In the days when Britain was the world’s most far-flung superpower, maps and globes showed all its subject territories in shades of red. For those of us long enough in the tooth to recall the time when those old maps were displayed in classrooms, there will always be a deep, if seldom articulated, link between Britishness and redness. Blake called ours a ‘green and pleasant land’, but, as the art critic Adrian Stokes once pointed out, it is also a land liberally spattered with dots of red.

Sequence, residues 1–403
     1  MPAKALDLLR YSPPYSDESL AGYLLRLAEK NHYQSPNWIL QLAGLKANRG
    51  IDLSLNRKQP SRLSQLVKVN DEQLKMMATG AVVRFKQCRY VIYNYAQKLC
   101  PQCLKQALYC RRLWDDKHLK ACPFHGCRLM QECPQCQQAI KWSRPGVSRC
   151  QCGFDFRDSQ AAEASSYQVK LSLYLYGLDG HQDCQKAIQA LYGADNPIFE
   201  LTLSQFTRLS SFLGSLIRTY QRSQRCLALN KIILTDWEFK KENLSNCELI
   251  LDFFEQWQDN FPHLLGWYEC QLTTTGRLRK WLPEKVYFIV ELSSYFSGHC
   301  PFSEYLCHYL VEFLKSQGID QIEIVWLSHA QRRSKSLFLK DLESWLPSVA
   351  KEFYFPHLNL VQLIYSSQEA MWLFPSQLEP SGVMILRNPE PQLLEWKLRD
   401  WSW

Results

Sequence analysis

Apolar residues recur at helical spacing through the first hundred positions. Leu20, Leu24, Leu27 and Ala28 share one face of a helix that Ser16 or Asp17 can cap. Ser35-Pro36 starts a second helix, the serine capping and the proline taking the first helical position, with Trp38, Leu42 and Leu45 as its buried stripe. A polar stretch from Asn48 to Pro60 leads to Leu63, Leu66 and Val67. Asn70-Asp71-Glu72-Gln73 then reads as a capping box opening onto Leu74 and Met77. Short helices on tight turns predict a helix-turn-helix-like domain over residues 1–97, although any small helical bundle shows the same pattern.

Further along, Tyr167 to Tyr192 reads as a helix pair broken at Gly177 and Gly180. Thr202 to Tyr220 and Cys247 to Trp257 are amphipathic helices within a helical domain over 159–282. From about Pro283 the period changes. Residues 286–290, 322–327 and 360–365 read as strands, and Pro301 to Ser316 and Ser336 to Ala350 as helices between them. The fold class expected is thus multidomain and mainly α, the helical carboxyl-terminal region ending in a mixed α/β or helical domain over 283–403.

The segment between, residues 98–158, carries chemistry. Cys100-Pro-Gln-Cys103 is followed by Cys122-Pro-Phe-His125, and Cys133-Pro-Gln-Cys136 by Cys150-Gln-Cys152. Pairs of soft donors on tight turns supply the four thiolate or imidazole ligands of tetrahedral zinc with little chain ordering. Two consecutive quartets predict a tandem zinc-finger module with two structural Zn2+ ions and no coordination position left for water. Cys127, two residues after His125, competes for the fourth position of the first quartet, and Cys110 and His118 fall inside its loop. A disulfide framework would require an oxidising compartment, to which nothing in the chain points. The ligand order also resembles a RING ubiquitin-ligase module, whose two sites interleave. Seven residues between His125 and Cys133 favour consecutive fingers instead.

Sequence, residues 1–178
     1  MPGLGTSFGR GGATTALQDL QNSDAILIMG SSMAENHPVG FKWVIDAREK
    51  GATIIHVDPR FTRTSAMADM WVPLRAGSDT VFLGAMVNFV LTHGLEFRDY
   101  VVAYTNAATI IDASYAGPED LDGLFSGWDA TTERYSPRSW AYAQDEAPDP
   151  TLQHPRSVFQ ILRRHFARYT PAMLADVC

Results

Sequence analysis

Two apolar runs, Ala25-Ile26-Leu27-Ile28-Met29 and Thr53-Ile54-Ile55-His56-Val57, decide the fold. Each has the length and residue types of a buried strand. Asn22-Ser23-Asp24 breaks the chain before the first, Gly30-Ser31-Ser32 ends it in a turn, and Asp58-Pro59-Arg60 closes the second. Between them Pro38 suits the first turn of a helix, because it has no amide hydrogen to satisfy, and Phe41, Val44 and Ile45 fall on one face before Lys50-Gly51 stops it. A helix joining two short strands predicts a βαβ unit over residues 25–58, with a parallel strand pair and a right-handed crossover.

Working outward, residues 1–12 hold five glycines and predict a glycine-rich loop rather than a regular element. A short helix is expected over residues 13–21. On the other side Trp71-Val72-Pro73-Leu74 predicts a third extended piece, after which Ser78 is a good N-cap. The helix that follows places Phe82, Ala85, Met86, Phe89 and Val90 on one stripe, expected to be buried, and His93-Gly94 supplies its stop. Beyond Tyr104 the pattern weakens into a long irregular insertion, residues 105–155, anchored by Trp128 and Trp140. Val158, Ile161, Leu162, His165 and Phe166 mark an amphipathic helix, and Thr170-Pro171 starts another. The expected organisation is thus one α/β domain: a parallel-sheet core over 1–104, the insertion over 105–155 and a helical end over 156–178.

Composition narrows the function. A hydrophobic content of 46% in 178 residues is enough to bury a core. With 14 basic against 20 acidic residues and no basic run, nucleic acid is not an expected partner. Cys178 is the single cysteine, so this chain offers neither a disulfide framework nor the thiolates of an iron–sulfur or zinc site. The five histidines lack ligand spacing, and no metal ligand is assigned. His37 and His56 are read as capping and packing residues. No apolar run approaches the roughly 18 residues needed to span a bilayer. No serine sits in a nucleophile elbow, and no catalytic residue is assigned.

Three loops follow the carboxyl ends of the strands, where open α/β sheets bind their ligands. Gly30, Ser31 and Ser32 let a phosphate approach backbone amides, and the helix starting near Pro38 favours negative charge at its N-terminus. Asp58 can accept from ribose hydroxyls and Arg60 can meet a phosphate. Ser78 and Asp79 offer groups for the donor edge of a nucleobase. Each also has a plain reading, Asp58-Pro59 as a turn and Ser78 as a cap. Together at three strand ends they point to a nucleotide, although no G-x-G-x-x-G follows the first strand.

Our oldest regiments, such as the Life Guards, still wear the dangerously bright red uniforms worn by the soldiers who carved out the Empire. We buy red poppies every November to honour our war dead, tacitly recalling oceans of spilled blood as well as the flowers of northern